Every year on March 8th, the world celebrates International Women’s Day. It’s an opportunity to honor the political, social, economic and cultural achievements of women everywhere in every walk of life. That includes in the field of cybersecurity.
Women have already made considerable progress in that regard. According to the 2019 (ISC)2 Cybersecurity Workforce Study, higher percentages of women have reached senior positions in cybersecurity than men. These roles have included chief technology officer (7% of women compared to 2% men) and C-level/executive (28% women compared to 19% men).
And there’s still work to be done. In its study, for instance, (ISC)2 found that women constituted just 24% of the cybersecurity workforce. Those experts also made 31% less than their male counterparts, according to a 2020 report shared with SC Media.
Many who are reading this might have a story of women being excluded in cybersecurity. Their story might be about them. Which is all the more reason why all women of cybersecurity are worth celebrating.
In observance of International Women’s Day, Cisco got a group of women security experts together and asked them, “Who has meant the most to you as an ally? And how has this impacted your career?” Some of these experts’ responses are presented below.
People Who Encourage and Expand Your Vision
We all know that women don’t apply for jobs unless they’re 100% qualified, right? When it comes to making that bold move to take the next step in your career, you may need some encouragement from someone who knows you and your abilities – from someone whose judgments you trust. For me, this person was Aybala Tut (LinkedIn), one of our amazing people at Cisco.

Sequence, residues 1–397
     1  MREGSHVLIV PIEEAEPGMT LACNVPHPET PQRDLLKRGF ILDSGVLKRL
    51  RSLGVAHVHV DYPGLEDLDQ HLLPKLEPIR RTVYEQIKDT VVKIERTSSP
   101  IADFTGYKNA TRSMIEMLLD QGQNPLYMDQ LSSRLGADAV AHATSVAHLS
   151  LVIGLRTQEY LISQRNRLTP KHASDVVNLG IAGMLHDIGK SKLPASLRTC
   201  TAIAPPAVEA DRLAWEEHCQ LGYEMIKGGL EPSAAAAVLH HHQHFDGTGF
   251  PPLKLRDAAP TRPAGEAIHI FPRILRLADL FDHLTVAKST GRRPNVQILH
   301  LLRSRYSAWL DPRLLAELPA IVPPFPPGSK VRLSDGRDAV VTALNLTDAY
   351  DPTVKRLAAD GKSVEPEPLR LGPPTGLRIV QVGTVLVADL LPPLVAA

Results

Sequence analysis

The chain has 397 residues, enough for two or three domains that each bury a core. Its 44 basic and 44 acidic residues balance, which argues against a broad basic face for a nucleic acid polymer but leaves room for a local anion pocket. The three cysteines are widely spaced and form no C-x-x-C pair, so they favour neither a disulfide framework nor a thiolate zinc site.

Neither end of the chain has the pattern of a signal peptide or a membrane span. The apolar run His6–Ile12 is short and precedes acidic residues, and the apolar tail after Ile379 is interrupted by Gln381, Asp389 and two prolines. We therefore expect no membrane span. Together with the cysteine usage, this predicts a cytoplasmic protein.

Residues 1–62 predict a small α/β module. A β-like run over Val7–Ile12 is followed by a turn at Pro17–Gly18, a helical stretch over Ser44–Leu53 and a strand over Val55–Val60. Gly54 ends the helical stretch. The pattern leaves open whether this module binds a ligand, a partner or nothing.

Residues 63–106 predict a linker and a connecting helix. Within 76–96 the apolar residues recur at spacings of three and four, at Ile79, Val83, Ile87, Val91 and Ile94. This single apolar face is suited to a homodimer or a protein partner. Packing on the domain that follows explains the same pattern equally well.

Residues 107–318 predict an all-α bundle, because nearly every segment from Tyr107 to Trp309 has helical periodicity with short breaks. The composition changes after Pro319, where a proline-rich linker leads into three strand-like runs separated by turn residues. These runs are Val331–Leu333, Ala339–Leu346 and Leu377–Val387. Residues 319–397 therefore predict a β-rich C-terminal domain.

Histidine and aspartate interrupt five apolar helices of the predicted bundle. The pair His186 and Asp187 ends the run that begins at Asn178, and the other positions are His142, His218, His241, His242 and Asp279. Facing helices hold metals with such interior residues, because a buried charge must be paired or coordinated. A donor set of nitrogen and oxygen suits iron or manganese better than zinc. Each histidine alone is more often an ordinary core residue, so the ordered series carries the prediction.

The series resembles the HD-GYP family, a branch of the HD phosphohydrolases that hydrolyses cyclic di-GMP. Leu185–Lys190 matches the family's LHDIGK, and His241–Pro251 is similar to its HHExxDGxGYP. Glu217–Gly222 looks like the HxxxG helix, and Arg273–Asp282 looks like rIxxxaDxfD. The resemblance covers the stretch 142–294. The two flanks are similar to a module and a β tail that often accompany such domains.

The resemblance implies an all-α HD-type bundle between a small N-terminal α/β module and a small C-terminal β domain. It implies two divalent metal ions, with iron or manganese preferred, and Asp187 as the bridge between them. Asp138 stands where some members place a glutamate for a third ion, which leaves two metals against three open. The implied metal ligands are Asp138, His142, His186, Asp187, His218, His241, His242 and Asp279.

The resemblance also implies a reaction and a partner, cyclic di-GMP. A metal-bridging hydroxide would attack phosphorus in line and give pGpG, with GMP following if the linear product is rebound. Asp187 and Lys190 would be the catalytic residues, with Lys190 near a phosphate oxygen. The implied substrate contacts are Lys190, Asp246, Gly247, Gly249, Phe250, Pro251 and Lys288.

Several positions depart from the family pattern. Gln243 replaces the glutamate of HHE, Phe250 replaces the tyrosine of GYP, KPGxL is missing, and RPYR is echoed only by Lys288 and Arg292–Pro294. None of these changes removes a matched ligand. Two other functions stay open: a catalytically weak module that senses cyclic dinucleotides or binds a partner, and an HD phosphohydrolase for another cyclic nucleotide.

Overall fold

Three years ago, I saw the post of my dream job as a systems engineer manager for security specialist engineers. I was hesitant to apply for it, as it was asking for security-related work experience. I was coming from a technical background, had security experience, and was very passionate around security, but I hadn’t been systems engineer before. There were so many apparent barriers in that job post that I was discouraged from applying and taking that step.
Aybala Tut did not see it as I did. She helped me put things into perspective and encouraged me to apply for the position.
Encouragement is not the only component that led to my success. Liat Shentser (LinkedIn) is an open-minded hiring manager who was willing to tap into the untapped talent pool, challenge the status quo, and hire not only for background but also for potential. This had a huge impact on my career, and I am forever grateful.
Finally, kudos to another person who inspired me and expanded my vision: Mike Storm, Distinguished Engineer at Cisco (Blog). The way he makes security fun and understandable for everyone while being so humble and willing to help, combined with deep technical knowledge and industry insights, is incredible. Mike is always inspiring, while making security approachable.
The Quiet Triumph of an Unsung Hero